Since launch, Resistbot has also grown to include input from an Amazon Alexa skill and Facebook Messenger bot.


Visit the Code for America website and the first thing you’ll see on the site to promote civic tech initiatives for a more robust democracy is a smartphone sending a text message from a government agency to someone who just lost their job. The text connects them with services and helps them toward their next steps.

ClientComm, which focuses on paroled individuals, is working with a similar principle. To address recidivism, probation officers in Salt Lake County in Utah have used ClientComm to connect hundreds of parolees and parole officers, both of which can have challenges staying in touch. Parolees can lack a stable place to live or employment situation, while parole officers often carry heavy case loads.

ClientComm keeps track of changing parolee phone numbers and delivers automated reminders for court dates and other appointments.

“Case managers know the best way to keep their clients compliant with the terms of their probation is to check in with them often, remind them of their commitments, and help them with problems that arise. Stakes are high — if they don’t comply with probation, they may go to jail,” reads a ClientComm description on the Code for America site.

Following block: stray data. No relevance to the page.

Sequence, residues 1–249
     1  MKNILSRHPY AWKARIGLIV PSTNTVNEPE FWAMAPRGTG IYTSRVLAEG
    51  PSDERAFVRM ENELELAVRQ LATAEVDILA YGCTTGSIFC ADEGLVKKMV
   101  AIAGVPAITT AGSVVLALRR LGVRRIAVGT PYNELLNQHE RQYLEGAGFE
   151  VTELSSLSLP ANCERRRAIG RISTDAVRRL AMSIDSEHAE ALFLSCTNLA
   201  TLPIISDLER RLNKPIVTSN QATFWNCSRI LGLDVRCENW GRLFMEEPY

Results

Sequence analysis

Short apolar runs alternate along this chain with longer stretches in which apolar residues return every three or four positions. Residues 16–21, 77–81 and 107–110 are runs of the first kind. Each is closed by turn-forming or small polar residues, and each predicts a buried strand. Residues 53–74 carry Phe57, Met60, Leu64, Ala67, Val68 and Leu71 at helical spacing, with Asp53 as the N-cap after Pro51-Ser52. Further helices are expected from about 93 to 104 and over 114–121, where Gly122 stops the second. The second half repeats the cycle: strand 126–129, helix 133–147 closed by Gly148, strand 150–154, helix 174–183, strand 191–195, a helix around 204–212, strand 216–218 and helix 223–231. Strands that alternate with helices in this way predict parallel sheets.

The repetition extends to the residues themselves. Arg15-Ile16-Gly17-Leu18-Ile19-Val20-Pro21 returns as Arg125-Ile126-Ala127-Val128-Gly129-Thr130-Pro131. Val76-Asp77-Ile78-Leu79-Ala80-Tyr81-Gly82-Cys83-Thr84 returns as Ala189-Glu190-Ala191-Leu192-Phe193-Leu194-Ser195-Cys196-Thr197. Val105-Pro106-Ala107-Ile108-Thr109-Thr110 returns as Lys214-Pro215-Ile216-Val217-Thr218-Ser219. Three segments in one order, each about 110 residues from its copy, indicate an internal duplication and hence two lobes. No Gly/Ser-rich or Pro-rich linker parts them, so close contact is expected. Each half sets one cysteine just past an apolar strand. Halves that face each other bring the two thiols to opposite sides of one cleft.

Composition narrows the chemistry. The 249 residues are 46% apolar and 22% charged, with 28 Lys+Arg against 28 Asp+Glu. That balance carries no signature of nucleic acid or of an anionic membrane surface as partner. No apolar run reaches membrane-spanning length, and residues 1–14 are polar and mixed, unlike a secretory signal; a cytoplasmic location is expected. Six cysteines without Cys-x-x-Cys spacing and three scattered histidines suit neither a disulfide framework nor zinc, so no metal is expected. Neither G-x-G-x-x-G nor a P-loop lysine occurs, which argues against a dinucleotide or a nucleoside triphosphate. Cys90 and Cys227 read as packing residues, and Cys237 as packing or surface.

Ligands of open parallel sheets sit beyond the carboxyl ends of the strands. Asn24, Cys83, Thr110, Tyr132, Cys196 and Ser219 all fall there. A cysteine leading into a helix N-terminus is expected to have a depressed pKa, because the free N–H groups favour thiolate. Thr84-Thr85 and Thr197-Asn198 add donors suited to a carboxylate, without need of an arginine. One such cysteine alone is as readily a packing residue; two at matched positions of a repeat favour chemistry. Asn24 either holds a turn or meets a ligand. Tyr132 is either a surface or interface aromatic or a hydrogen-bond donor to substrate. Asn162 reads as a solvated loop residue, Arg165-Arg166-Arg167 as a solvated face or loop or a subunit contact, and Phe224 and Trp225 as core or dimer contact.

Laws for when a convicted felon can regain the right to vote vary by state, but a reduction in recidivism could alter the makeup of the U.S. electorate. More than six million U.S. citizens today have lost the ability to vote due to a felony conviction, according to the Sentencing Project.

City of LA Alexa skill

Late last year, the Los Angeles Information Technology Agency released an Alexa skill, becoming one of the first major cities in the United States to do so. The initial version told Angelinos about holiday events, but it has since grown to include more community events and information about the L.A. City Council. Ultimately, the city wants to connect its 311 non-emergency services to Alexa so residents can do things like report graffiti or a pothole or call non-emergency police.

Several cities are now using intelligent assistants to provide a service of some kind. The City of Las Vegas Alexa skill can also tell you about city council meetings. The early voice app ecosystem for Google Assistant also has a series of city services available, from Seattle pool times to garbage pickup times in Auburn, Alabama, and public transit assist apps for Singapore, San Francisco, London, and other large metropolitan areas.

Twilio.org Impact Fund

In late May, Twilio’s Impact Fund awarded $1 million in grants to a series of nonprofits and organizations to support messaging for emergency dispatch services and a range of projects to support people underrepresented in tech. Also among recipients were Democracy Works, which uses SMS to send voter registration and election date info to users, and OpenGov Foundation, which connects lawmakers with constituents for chat conversations.